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A Moon reduces Earth's entropy?

  1. Feb 8, 2016 #1
    Spontaneous negative entropy reactions can occur when the internal energy decrease is greater than the negative dS*T. dG=dU-dST is spontaneous if dG is negative.

    The moon is receiving at least 1E8 J/s from the loss of rotational energy from the Earth's water and air. A lot more rotational energy is being lost from the mantle. This is a minimum because it assumes the core is slowing down as fast, which is not the case. Rotational energy is internal energy. This is a non-heat energy transfer, giving a negative change in Gibbs energy. This makes spontaneous negative entropy processes possible. It causes a reduction in the entropy of the distribution of matter on Earth, making the air, water, and mantle less homogeneous in distribution than they otherwise would have been. Is this a major source of the "neg-entropy" that life taps into? Could life have existed without the moon? Asimov said life could not have reached land and the moon itself without it.

    The Earth is putting the moon into a higher orbit, 3.78 cm per year (7.5E18 Joules/yr), at a larger cost in rotational energy, losing -15 microseconds on the clock every year. I calculate from this that heat from friction in the oceans and mantle from the moon slowing the Earth is less than 10 times the energy that lifts the moon. It depends on how the core is not slowing up as much as the mantle.

    Modern society depends heavily on the ores and veins the moon seems to have had a big part in concentrating (lower entropy) for more efficient access. Metals and metalloids are being created from the ores, seemingly on a path to replacing bone, muscle, and brains in the biosphere. Even the refined silicon metalloid is 20 times more efficient per area than photosynthesis. Oxygen is removed to create denser material. The resulting metals and metalloids (silicon) are less entropy per mole for that element, but taken as a whole with the CO2, there does not appear to be much of an entropy change. The gases would have to be captured in order to say it is lower entropy. Cement is harder to figure. But anything resulting in a denser material will usually mean lower entropy if there is not an increase in the gases.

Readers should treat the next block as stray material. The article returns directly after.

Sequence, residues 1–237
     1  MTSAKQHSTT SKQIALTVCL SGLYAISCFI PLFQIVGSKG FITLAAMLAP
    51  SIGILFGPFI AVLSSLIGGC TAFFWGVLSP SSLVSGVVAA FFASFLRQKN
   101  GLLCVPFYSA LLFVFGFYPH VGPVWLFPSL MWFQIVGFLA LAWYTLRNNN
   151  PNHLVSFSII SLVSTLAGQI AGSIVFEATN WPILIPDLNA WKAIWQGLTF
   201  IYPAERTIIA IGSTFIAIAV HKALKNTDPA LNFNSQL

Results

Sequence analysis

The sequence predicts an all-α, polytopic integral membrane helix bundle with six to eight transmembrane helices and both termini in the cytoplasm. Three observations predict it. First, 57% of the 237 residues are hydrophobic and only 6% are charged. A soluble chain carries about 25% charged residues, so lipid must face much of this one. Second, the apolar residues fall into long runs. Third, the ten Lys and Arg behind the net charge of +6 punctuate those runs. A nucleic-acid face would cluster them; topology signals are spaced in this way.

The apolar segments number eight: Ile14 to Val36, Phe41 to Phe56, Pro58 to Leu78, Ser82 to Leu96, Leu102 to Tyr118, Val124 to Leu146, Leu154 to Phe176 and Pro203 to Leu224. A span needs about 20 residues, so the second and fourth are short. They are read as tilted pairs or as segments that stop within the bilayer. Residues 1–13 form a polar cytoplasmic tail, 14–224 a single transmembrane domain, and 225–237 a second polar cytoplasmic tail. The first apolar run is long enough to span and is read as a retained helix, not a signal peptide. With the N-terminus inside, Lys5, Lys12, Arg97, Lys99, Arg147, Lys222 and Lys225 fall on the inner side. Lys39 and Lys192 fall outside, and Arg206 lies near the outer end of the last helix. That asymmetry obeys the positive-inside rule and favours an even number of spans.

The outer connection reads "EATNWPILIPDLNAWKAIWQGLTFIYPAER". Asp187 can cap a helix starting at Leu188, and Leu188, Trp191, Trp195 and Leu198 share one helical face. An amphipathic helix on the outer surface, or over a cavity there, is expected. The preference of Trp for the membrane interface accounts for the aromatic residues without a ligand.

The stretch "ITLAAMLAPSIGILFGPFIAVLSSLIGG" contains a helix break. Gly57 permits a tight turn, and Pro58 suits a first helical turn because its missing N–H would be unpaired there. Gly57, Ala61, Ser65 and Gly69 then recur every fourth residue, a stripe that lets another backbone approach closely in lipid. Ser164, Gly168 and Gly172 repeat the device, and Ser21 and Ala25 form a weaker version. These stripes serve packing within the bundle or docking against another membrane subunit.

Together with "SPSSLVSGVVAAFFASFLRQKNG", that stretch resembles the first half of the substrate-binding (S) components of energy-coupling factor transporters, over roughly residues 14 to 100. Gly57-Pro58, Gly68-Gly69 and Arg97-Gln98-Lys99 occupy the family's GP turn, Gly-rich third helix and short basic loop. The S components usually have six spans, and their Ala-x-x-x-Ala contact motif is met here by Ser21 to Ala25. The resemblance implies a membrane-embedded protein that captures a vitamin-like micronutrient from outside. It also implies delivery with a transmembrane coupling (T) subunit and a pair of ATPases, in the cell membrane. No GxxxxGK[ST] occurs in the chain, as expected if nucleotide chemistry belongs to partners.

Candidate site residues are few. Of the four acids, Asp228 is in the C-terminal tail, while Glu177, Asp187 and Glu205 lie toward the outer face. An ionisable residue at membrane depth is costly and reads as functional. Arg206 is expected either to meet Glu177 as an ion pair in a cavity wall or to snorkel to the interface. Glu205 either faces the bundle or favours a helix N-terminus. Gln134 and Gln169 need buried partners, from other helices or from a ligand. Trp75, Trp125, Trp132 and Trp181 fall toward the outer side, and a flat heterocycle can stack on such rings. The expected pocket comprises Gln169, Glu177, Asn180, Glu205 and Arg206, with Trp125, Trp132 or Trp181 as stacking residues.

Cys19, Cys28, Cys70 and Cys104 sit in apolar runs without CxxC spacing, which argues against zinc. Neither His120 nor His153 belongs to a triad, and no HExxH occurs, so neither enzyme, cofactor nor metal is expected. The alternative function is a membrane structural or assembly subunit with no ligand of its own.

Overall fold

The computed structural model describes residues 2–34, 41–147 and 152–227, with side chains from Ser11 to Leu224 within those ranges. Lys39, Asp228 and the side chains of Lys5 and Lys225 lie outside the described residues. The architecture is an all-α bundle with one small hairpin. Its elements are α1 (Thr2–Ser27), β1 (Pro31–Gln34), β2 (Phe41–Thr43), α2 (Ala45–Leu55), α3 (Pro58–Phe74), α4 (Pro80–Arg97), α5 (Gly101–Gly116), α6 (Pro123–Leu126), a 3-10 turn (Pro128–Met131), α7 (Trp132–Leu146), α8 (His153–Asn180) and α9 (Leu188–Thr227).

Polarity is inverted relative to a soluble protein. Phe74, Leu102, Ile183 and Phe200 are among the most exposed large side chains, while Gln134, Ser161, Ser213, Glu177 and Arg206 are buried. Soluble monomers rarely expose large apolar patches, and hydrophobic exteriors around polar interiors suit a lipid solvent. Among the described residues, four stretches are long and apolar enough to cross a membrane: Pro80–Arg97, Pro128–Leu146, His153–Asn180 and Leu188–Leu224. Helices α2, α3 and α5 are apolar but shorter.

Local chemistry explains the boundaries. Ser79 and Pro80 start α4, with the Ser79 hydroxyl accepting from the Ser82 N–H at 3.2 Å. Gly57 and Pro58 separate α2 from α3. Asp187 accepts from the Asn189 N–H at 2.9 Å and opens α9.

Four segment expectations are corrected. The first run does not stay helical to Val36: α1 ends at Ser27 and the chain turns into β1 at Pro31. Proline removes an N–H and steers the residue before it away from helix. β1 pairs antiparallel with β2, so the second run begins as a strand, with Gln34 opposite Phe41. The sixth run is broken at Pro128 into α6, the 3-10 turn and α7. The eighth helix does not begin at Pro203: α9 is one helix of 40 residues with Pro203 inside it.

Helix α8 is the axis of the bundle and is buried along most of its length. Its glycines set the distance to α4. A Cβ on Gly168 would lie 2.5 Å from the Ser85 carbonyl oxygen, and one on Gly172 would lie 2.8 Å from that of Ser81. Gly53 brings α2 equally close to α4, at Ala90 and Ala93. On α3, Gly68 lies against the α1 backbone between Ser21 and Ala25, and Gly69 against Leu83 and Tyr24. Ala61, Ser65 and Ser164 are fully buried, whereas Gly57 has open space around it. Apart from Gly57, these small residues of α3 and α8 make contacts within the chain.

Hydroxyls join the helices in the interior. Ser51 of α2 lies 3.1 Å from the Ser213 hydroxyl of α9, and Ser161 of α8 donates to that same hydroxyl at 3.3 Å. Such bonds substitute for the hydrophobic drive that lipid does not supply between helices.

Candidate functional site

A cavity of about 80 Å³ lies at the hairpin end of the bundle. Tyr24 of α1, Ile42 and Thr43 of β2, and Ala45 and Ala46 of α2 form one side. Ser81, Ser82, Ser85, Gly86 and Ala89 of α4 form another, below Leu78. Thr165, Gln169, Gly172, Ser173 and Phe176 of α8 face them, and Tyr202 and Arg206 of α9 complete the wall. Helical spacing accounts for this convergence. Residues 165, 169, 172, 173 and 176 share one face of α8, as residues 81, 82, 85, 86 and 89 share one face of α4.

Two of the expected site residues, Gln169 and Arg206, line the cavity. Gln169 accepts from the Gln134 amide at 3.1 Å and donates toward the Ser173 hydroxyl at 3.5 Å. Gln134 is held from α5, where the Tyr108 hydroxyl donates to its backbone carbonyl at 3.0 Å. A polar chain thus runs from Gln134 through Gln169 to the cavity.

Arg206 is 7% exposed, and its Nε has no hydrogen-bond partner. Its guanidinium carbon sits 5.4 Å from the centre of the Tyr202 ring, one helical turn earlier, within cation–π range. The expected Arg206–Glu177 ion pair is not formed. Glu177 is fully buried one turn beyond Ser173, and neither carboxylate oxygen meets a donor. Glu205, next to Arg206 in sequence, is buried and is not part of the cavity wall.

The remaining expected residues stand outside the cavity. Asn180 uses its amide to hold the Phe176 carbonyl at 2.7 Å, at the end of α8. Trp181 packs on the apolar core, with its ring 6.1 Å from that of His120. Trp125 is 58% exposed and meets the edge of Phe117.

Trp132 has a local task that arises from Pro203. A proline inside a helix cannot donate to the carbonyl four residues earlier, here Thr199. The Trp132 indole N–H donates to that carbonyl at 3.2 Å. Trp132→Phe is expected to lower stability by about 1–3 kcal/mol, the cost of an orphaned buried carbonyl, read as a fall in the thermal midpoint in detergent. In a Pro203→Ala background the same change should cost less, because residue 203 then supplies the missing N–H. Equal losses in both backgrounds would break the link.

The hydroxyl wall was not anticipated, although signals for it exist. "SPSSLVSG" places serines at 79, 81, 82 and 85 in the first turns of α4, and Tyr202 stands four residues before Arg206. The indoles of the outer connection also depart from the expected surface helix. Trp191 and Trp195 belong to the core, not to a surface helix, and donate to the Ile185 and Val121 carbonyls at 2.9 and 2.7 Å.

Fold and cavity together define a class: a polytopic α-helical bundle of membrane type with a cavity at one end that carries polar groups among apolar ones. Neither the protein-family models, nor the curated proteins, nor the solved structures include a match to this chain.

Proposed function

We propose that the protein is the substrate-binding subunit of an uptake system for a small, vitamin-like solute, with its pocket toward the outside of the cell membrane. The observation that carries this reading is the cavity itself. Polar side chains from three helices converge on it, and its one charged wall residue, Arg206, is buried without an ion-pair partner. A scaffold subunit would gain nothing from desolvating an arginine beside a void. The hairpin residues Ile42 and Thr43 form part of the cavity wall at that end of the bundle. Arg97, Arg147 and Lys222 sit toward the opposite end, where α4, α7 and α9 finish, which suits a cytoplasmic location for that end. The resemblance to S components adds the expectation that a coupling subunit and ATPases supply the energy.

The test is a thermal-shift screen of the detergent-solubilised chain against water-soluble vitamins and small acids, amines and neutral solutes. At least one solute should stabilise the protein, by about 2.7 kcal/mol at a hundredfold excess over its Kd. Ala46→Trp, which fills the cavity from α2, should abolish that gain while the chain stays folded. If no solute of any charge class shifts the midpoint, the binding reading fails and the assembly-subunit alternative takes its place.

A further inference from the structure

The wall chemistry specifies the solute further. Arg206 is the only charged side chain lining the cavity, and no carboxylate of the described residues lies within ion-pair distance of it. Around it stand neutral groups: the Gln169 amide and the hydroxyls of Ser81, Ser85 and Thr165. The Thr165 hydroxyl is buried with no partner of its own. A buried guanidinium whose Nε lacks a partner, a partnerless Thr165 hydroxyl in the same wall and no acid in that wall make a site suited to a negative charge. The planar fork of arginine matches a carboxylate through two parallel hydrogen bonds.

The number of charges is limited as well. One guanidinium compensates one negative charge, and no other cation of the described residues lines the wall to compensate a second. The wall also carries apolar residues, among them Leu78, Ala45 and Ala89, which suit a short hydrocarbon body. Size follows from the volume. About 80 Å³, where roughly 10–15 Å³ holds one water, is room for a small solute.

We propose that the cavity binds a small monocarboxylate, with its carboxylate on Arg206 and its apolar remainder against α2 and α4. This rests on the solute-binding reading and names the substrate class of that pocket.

When talking about entropy and life, people usually just say 2nd law is not violated. But does the moon make it probable instead of merely possible? All known life increases entropy, which means there was a previous source of low entropy. How much did the collision that created the moon contribute to Earth's pre-existing low entropy state? Isn't a tilted axis a lower entropy compared to what is expected? It has contributed to life via seasons in the same way tides have. It does not cause more energy to enter the biosphere, so if life really benefits from it, must it be in the form low entropy? This would require life to eventually straighten the orbit if it is tapping into that low entropy. Aren't tides a lower entropy than expected by breaking the homogeneous mass distribution of water?

    Do open systems like Earth receiving light energy require an external force (like the moon) to create lower entropy? Open systems can result in lower local entropy due to the large excess entropy they can emits to the universe. The Universe "needs entropy to expand" because entropy on an expanding volume basis of the Universe is constant. (see Stephen Weinberg's classic "The First 3 minutes" that says this is a requirement of the standard model of the big bang) This mean on a rigid volume basis it lowers.

    Did the ancient collision cause us to "wake up"? Is our job to create lower local entropy as fast as possible, emitting the excess entropy to let the Universe expand away into a fundamentally un-observable nothingness?

    Selection is not a force. Genes are just the memory of what the environment found. Arguments over gene, individual, kin, and group selection are errant and non-physical, like the old mind-body discussions.

    To what extent is life the moon's snowflake?
  2. jcsd
  3. Feb 8, 2016 #2


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